Millennials Excelling in Supply Chain Careers

Hudson’s Bay director of procurement and profit improvement has what it takes to become a rising supply chain star

Nicholas Ammaturo
Nicholas Ammaturo

Supply & Demand Chain Executive interviewed Nicholas Ammaturo, a 30 Under 30 Rising Supply Chain Store, on how he managed his success at such a young age and how he plans to continue it. Ammaturo is the director of procurement and profit improvement at Hudson’s Bay Company (Lord & Taylor, Hudson's Bay, Saks Fifth Avenue, & Home Outfitters). ThomasNet and the Institute for Supply Management (ISM) announced the winners of the 30 Under 30 Rising Supply Chain Stars program to honor 30 professionals who are 30 or younger, and already making their mark in supply chain management and procurement. The goal of the program is to generate awareness among Millennials about how rewarding a supply chain career can be.

Supply & Demand Chain Executive (SDCE): What led you to the supply chain field specifically and how did you get to your current position?

Nicholas Ammaturo: I fell into supply chain/procurement by chance. I was working in China as a market analyst for foreign direct investment and was contacted by a headhunter filling a position for an analyst at PepsiCo in global procurement.  I didn’t know anything about procurement or supply chain, but I knew I wanted a company with strong brands and a great culture. I haven’t looked back; I have now crossed over into several industries in a procurement/supply chain role. I was attracted by the Hudson’s Bay—actually found the position on LinkedIn and the minute I met some of the leadership, I knew this would be my home.

SDCE: What kind of contributions did you make to your organization, professional associations and/or the supply chain profession as a whole?

Ammaturo: I have been focused on a balance of disciplined strategic sourcing, as well as process improvement. Having been exposed to various organizations with different levels of maturity in their procurement function, I have been able to increase process and leverage best practices. Contributions include everything from reducing controllable cost at PepsiCo in the packaging category to implementing a new maintenance program for a national grocery store chain, leveraging global supply chain tools across third-party manufacturing at Avon, and now, most recently, implementing policies and controls at the Hudson’s Bay Company. I am most proud of my contributions as president of my local chapter of the Institute of Supply Management (ISM). There, I have been focused on launching a new website full of resources for our members, as well as increasing membership numbers and partnering with local organizations to drive importance of training and networking.  

SDCE: What advice would you give to younger generations looking, or more importantly overlooking, the supply chain as a career?

Ammaturo: I would urge everyone—regardless of age and where they are in their career—to consider a career in supply chain. I think it would be great if more schools offered programs geared towards this industry, as well as partnering with companies to provide internships. Whether you make a career in supply chain or use it as a stepping stone, it gives you exposure to all facets of the company. I recommend a rotational program for anyone right out of school. This can either identify which area of the company most interests you or give you the foundation for a strong supply chain career.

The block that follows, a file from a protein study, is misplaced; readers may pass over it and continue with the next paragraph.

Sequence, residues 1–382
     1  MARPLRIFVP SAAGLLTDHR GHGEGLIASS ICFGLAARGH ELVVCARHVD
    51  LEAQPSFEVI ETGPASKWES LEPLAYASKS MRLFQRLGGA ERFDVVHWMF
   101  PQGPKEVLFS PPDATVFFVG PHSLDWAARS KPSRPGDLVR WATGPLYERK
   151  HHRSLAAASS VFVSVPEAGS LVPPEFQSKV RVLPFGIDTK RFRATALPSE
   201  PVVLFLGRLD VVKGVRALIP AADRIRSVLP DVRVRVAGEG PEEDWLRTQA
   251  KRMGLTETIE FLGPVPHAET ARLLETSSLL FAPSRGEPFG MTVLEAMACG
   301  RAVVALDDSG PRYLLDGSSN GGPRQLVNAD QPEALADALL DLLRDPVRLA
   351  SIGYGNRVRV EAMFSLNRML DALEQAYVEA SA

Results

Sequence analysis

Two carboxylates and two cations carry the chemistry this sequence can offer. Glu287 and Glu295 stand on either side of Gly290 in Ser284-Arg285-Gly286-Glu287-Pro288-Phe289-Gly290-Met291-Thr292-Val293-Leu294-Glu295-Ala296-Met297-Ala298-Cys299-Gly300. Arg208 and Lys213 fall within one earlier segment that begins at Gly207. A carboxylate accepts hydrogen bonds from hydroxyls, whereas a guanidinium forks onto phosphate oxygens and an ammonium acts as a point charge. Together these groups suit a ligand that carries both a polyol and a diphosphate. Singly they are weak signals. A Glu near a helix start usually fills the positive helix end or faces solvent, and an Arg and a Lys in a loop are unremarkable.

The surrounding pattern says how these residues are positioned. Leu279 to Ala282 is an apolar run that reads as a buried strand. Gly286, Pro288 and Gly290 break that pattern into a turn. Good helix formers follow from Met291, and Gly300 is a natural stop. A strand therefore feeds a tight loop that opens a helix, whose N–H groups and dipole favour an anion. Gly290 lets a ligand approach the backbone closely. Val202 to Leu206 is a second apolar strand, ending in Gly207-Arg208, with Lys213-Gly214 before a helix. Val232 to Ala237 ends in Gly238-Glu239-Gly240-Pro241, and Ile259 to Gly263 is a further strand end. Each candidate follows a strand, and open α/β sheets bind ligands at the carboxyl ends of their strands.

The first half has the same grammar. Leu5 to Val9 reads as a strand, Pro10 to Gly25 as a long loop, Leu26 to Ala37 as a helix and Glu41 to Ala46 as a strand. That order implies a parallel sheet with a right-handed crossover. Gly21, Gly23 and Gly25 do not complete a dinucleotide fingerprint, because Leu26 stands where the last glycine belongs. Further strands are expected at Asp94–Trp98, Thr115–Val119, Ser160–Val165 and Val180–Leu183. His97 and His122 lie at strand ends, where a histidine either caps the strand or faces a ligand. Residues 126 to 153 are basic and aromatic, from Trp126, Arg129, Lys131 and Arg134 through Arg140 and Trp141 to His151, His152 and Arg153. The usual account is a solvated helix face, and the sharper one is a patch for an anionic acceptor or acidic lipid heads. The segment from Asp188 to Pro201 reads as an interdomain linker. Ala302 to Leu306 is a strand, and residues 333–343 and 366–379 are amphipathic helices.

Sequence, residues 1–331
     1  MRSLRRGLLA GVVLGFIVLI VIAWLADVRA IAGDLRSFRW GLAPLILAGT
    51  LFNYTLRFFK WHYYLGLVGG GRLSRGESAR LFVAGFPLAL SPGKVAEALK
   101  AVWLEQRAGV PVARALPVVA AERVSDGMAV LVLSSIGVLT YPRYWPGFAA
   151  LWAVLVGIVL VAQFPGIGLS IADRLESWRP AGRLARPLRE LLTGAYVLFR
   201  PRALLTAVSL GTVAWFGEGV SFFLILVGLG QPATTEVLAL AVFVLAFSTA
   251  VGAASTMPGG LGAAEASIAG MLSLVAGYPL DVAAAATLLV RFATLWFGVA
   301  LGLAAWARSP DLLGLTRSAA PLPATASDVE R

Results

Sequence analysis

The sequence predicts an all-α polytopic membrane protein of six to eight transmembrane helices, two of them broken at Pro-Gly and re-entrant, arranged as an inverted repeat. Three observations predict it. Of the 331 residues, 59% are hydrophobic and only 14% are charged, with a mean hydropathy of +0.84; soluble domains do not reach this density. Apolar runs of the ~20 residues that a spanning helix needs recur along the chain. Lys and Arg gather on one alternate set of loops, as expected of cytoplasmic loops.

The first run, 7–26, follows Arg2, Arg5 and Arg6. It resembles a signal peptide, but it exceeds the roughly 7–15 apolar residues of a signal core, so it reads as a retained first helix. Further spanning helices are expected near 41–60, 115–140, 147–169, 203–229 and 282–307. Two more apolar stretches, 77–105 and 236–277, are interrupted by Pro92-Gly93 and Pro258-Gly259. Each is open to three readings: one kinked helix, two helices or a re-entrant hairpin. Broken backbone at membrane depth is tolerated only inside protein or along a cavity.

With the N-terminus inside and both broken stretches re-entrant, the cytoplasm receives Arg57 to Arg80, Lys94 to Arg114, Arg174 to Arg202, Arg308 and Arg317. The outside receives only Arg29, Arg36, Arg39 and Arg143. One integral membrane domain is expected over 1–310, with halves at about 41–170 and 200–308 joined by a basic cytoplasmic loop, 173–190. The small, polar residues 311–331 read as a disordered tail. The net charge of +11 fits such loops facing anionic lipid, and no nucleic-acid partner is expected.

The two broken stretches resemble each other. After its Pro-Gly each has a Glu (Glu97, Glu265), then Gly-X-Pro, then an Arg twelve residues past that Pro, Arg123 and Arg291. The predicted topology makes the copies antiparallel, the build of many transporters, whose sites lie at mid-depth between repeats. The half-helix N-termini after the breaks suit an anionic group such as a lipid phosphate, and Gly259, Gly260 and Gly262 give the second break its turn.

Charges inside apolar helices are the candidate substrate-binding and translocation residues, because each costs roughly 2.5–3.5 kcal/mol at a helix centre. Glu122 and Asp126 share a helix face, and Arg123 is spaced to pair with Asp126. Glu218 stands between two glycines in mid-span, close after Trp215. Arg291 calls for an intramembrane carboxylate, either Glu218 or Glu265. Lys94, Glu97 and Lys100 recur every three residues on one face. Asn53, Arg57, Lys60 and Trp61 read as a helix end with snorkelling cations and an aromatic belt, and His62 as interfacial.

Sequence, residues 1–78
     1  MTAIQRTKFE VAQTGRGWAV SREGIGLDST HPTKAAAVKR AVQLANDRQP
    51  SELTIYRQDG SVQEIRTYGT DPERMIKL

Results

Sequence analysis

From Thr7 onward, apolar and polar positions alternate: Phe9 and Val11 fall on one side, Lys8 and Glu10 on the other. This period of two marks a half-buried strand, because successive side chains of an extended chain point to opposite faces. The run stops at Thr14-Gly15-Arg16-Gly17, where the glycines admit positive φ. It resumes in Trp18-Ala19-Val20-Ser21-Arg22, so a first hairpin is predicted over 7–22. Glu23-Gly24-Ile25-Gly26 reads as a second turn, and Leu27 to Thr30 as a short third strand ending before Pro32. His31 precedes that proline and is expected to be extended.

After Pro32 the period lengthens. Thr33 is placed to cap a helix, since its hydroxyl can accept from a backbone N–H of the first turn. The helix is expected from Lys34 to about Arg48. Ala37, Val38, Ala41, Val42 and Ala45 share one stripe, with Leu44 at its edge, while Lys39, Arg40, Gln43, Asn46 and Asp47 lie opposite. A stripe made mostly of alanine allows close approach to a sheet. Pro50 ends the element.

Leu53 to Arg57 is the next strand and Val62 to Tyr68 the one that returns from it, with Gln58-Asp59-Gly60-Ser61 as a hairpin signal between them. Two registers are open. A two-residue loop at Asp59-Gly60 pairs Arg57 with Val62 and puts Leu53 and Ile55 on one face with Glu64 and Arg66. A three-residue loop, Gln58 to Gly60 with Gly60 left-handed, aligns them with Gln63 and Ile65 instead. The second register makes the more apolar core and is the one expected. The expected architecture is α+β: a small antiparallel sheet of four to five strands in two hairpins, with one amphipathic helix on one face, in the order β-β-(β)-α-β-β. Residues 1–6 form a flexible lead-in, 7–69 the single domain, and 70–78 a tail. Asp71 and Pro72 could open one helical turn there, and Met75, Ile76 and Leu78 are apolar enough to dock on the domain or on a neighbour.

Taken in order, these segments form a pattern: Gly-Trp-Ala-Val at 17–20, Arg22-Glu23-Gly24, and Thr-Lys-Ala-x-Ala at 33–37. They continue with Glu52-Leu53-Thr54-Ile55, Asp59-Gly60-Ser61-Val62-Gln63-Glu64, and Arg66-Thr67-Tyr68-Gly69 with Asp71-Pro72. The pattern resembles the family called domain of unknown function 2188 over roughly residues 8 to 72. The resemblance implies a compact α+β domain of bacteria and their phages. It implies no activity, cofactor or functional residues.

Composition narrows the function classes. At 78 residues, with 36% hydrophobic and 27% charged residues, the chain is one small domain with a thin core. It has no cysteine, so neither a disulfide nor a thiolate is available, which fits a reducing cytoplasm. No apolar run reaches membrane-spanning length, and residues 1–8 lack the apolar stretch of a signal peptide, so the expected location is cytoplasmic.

SDCE: What would you say is the biggest misconception about Millennials? How do you turn that misconception on its head?

Ammaturo: There is the perception that Millennials don’t work hard. I am not sure where it came from, but I have heard it often from human resources (HR). This terrifies me because there is the risk of not identifying top talent and rewarding them, which is causing Millennials to leave companies too soon. I am not sure who planted this notion in HR’s head, but in my experience, Millennials are aggressive, efficient and don’t want to wait around. Millennials know their value, and if leadership doesn’t recognize that, they will walk. I am not sure how quickly HR will get up to speed, but until then, keep doing what you’re doing, absorb everything you can in a role and show your value. If the recognition doesn’t come—speak up and if it still doesn’t come—walk.

SDCE: In your opinion, what are the benefits of being/hiring a Millennial in the supply chain field? In contrast, what are the challenges you face(d)?

Ammaturo: I think there is a certain mindset for supply chain that needs to be sought out, whether it be a Millennial or someone further along in their career. I would say that, if the Millennial has the attributes you would hire, the benefit is that they are eager and motivated, and will work extremely hard to define themselves in the organization. Same can be said for a non-Millennial—I have seen colleagues join this industry late in their career and they have been extremely successful. It’s all about the person’s mentality. Challenges I faced were mostly in discussions with HR early on in my career. Unfortunately, the misconception is real about Millennials’ work ethic, and I felt I had been categorized by only my age and years of experience. I will never forget being told by HR that I was being promoted too quickly—even though I was exceeding my goals year after year in the organization. Don’t let it happen to you and don’t find yourself categorizing people by only age and years of experience.   

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